11 July 2009

Professor Fear

14 Week OT (Sat): Gen 49.29-32, 50.15-26; Matt 10.24-33
Fr. Philip Neri Powell, OP
Sisters of St Mary of Namur

Joseph tells his brothers not to fear his wrath. “Can I take the place of God?” he asks. Jesus too urges his disciples not to be afraid of those who will persecute them. Only the One who can kill both body and soul deserves our fear. We might ask: what is fear? Our brother, Thomas Aquinas, tells us that sorrow is the passion we experience in the presence of evil; fear is the passion we feel in anticipation of future evil (ST.I-II.41.1). Moral theologian, Joseph Delaney, defines fear as “the unsettlement of soul consequent upon the apprehension of some present or future danger.” Friedrich Nietzsche infamously proclaimed, “Fear is the mother of all morality” (BGE). We could say that fear is a teacher. Fear rises in the human heart when evil threatens, when danger looms. But don't we usually think of fear as a kind of darkness itself, a trap that holds us fast in pain and anxiety? Aren't we supposed to suppress fear with faith? To overcome it by trusting in the providence of God? Joseph says not to fear. Jesus says, “Do not be afraid.” And at the same time, we are told “that fear of the Lord is the beginning of wisdom.” So, are we being foolish or wise when we indulge the passion of fear?

In our clinical culture—where there are no sins only crimes and diseases—fear is understood as an emotional malady rather than the morally neutral passion that it is. This is why we so often hear that “fear of the Lord” is really meant to be understood as “awe of the Lord.” Why would we fear the God of mercy and love? Why be afraid of the One Who made us? We are not wrong to say that the proper human response to the presence of God is awe. But awe alone is simply an expression of wonder and amazement. We might feel awe in the presence of the Grand Canyon, our favorite athlete, or even a particularly powerful piece of literature. We are awed but not afraid. Fear is anxious anticipation. It's that sort of waiting that grips our souls at the mere thought of evil or danger. It warns us away; it cautions deliberation and demands rational attention. Like any of the principal passions, fear is best experienced as a wild animal tightly bound with the twin-leashes of intellect and will. The choices we make in fear can only be judged good or bad after they have been vetted by reason and deliberately acted upon. We are being neither foolish nor wise when we experience fear. Only acts—intentionally chosen—can lead us to folly or wisdom.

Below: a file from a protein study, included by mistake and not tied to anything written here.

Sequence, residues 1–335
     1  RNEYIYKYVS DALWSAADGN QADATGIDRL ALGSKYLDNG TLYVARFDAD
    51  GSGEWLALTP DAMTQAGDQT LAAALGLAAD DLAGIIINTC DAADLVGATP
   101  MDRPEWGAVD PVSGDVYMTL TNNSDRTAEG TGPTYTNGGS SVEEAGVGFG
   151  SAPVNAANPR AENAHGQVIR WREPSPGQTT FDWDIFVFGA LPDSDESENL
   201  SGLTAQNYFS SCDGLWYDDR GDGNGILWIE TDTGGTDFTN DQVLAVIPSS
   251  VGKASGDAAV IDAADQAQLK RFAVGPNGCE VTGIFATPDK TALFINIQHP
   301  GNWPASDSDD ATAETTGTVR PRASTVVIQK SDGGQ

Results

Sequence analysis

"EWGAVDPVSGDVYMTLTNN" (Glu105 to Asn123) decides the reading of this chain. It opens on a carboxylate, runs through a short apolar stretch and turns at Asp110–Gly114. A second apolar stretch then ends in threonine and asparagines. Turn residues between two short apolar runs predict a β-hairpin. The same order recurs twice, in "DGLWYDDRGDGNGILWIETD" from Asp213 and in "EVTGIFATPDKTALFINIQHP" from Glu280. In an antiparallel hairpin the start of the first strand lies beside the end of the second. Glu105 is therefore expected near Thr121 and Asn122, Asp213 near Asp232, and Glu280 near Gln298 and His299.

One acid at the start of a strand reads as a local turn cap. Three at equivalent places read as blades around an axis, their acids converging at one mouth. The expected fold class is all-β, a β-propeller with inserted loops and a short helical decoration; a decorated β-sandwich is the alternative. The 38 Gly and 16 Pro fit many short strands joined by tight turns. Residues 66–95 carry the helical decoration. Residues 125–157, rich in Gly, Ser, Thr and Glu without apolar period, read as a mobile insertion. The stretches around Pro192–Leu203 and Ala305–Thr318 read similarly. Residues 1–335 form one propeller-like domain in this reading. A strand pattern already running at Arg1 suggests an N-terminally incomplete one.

Joseph soothes his brothers' fear of his wrath by telling them that he is not God. Joseph's most terrible punishment is nothing when compared to the wrath of God. Likewise, while telling his disciples three times not to fear, Jesus tells them that there is one time when fear is the smart response. He tells them not to fear persecutors, those who can only kill the body. They are not to fear b/c they are held in the hands of a loving God. However, they are to fear this loving God b/c only He can kill body and soul. If there is any danger to anticipate, it comes from failing to honor the will of the One Who made you, the One Who can unmake you. So what Joseph and Jesus teaching us here? They are teaching us that it is indeed deadly foolish—when faced with the choice of betraying Him by accepting the spiritual rule of this world's princes—it is folly to choose against God. Why? Because it is God alone who loves us eternally. We are unmade by our own choosing when we choose the fleeting love of princes over the eternal love of the One Who gifted us with life.

Fear is a teacher. And the lesson is simple: the choice you are about to make is a dangerous one—think carefully, choose wisely. When you are faced with a dangerous or evil choice, always choose the option that best acknowledges God's abiding care for His creatures, the option that pulls you closer to your perfection in Christ. We can call this the morally good choice. At its root, this is the choice that plants and nourishes wisdom. It is the choice that offers true worship to the One Who is wisdom Himself.

1 comment:

  1. Being a convert from conservative protestantism in a very liberal diocese, I've been wondering if it is really wrong to speak of fearing God's wrath towards unrepentant sinners. It sounds like pre-VII Catholics had a sense of fear towards God, but I'm pretty sure that's a mortal sin in our diocese now. :o) I'm just not sure if there's been--not a theological change, exactly-- a change in emphasis, or if my diocese is just dripping SOVII all over the place in this area, too.